Looking at the current opinion polls (March), if there is not a change in public opinion between now and early May, the results overall will be pretty similar to 2011. In councils where there are elections in both years, this will be a useful benchmark for the performance of the parties.  Even a repeat of 2011 means a swing of 9 per cent from Conservative to Labour and 10 per cent from Lib Dem to Labour, and yield a haul of seats and councils controlled. Labour lost 434 seats in 2008. Recovering these means getting back to where Labour was in 2004, which was itself a pretty poor year. Three hundred of them would fall if Labour repeated its 2011 performance in the metropolitan boroughs alone, so Labour sights should be set higher than that – perhaps a net gain of 700 would be ‘par’.

In some places Labour victory is almost inevitable. In Harlow, for instance, the Conservatives have a majority of 1, a legacy from their extraordinary performance in 2008 when they won every single seat in the town (4/2012 correction: while Labour won no seats in 2008, there were two Lib Dems as well as the Conservatives, although one has subsequently died and one has defected to Labour). Even a historically poor Labour showing in 2012, as long as it is even slightly better than 2008, will do to win control. The task is harder than this in several other councils, but Labour should be winning control in Thurrock, Plymouth, Southampton, Exeter, Reading and perhaps Norwich, creating some satisfying red splodges on the map of southern and eastern England. The Southampton election is particularly interesting because it is currently run by a particularly right wing pro-cuts Tory council. Labour gained a swathe of councils in the metropolitan areas of the midlands and north in 2010 and 2011, but a few more low-hanging fruit should fall from the tree in Birmingham, Bradford, Wirral and perhaps Walsall. The hard tests, that would indicate Labour advancing significantly since 2011, are Swindon, Dudley and Cardiff. Swindon and Dudley are two party straight fights with the Conservatives in areas with marginal and volatile parliamentary seats, where the Tory vote held up reasonably well in 2011. Cardiff is more of a contest with the Lib Dems, who should put up more resistance there than one can expect in the northern cities where they are likely to be massacred for a second year.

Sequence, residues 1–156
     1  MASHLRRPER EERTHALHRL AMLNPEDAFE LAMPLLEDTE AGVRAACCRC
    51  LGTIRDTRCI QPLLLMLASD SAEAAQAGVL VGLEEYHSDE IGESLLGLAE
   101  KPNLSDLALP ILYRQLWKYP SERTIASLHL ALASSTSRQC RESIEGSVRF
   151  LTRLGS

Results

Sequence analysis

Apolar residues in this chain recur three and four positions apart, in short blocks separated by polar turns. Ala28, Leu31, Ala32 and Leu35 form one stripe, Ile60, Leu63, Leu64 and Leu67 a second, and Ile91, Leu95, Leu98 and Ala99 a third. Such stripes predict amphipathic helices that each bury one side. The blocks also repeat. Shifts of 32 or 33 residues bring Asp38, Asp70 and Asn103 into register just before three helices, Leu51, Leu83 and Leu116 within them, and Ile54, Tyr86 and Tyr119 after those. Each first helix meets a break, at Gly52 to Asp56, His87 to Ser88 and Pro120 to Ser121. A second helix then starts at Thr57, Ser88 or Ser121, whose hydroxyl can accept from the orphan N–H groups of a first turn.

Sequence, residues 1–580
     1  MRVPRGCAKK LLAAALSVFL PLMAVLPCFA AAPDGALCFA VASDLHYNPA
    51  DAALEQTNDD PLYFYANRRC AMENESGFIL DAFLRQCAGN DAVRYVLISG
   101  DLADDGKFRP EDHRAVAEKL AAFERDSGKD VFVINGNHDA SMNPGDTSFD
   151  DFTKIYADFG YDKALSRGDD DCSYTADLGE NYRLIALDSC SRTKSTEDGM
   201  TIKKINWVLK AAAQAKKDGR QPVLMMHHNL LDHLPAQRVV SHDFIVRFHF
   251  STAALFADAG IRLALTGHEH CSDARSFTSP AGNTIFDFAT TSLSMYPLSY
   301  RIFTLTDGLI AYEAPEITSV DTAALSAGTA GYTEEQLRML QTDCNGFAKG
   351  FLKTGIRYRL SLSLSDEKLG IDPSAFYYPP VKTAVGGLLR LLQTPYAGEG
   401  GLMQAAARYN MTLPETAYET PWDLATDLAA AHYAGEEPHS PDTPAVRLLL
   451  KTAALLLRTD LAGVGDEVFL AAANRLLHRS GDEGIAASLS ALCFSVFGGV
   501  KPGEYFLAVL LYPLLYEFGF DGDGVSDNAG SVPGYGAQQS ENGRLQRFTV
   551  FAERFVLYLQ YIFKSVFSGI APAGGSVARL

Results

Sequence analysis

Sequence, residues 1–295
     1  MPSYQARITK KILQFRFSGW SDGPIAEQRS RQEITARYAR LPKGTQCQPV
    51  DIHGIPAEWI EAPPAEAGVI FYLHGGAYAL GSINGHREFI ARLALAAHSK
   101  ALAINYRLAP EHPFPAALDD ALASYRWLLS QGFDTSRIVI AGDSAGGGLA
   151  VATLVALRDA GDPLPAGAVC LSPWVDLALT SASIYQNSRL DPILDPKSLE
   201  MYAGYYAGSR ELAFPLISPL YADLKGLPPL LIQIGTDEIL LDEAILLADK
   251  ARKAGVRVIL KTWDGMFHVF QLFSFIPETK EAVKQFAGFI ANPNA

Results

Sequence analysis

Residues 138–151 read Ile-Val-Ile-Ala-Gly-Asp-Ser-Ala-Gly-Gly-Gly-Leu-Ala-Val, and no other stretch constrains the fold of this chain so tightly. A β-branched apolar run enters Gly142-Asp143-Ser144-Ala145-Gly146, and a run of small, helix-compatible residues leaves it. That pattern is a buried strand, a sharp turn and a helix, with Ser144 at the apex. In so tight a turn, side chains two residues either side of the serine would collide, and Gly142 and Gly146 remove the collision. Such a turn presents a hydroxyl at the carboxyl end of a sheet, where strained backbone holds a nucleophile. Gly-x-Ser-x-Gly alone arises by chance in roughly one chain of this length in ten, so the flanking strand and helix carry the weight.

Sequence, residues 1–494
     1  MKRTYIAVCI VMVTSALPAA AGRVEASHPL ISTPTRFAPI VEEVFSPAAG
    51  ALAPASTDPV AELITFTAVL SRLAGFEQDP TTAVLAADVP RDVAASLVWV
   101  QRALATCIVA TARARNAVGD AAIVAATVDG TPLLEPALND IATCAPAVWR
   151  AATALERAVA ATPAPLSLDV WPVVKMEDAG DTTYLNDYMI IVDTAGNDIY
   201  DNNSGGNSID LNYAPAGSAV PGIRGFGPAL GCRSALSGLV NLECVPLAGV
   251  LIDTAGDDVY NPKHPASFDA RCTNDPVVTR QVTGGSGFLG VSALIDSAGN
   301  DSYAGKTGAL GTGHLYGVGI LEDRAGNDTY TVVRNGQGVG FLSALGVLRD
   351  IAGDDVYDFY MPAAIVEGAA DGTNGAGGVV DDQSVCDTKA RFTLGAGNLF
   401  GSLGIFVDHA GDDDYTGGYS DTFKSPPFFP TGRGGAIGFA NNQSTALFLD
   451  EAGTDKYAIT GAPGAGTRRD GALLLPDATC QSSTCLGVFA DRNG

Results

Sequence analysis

The local elections in Scotland are different for three reasons. The simplest is that these seats were last contested in 2007, rather than 2008. The electoral system is also different – Scotland has the Single Transferable Vote (STV) proportional system for its local elections. The third reason is the political context, in which the SNP dominates Scottish politics and this set of results will be seen more of a test of the SNP’s aspirations for independence than Labour’s UK-wide performance. A repeat of the SNP landslide in the 2011 Holyrood elections would see the nationalists controlling most councils in Scotland even under PR. This is unlikely, but it seems likely that the SNP will gain ground, principally at the expense of the Lib Dems but also to some extent Labour and Independents. The big battleground is Glasgow, where the SNP will try to demolish the last bastion of the Scottish Labour establishment. Most people seem to think that Labour will lose outright control.